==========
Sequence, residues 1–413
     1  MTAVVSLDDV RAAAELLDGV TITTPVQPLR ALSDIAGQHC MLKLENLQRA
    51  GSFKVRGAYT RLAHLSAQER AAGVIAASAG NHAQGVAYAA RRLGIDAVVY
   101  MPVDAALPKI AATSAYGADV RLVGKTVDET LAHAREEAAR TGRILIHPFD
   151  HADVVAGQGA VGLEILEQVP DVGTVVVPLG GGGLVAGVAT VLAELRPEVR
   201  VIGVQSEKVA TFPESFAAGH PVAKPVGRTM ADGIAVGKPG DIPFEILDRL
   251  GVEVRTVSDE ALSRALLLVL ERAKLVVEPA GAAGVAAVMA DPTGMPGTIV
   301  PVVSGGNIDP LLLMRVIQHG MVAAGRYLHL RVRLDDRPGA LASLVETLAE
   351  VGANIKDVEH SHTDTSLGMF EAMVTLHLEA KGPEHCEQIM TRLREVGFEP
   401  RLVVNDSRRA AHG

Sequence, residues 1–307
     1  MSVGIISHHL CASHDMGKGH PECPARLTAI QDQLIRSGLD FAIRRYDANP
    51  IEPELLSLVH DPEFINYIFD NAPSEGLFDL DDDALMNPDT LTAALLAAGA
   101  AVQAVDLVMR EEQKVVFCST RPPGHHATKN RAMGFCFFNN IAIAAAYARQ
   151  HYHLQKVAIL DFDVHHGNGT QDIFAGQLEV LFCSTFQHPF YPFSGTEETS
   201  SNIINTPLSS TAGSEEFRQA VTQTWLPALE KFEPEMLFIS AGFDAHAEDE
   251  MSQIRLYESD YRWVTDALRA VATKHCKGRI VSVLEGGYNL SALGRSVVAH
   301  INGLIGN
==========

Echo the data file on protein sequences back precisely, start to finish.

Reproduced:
Sequence, residues 1–413
     1  MTAVVSLDDV RAAAELLDGV TITTPVQPLR ALSDIAGQHC MLKLENLQRA
    51  GSFKVRGAYT RLAHLSAQER AAGVIAASAG NHAQGVAYAA RRLGIDAVVY
   101  MPVDAALPKI AATSAYGADV RLVGKTVDET LAHAREEAAR TGRILIHPFD
   151  HADVVAGQGA VGLEILEQVP DVGTVVVPLG GGGLVAGVAT VLAELRPEVR
   201  VIGVQSEKVA TFPESFAAGH PVAKPVGRTM ADGIAVGKPG DIPFEILDRL
   251  GVEVRTVSDE ALSRALLLVL ERAKLVVEPA GAAGVAAVMA DPTGMPGTIV
   301  PVVSGGNIDP LLLMRVIQHG MVAAGRYLHL RVRLDDRPGA LASLVETLAE
   351  VGANIKDVEH SHTDTSLGMF EAMVTLHLEA KGPEHCEQIM TRLREVGFEP
   401  RLVVNDSRRA AHG

Sequence, residues 1–307
     1  MSVGIISHHL CASHDMGKGH PECPARLTAI QDQLIRSGLD FAIRRYDANP
    51  IEPELLSLVH DPEFINYIFD NAPSEGLFDL DDDALMNPDT LTAALLAAGA
   101  AVQAVDLVMR EEQKVVFCST RPPGHHATKN RAMGFCFFNN IAIAAAYARQ
   151  HYHLQKVAIL DFDVHHGNGT QDIFAGQLEV LFCSTFQHPF YPFSGTEETS
   201  SNIINTPLSS TAGSEEFRQA VTQTWLPALE KFEPEMLFIS AGFDAHAEDE
   251  MSQIRLYESD YRWVTDALRA VATKHCKGRI VSVLEGGYNL SALGRSVVAH
   301  INGLIGN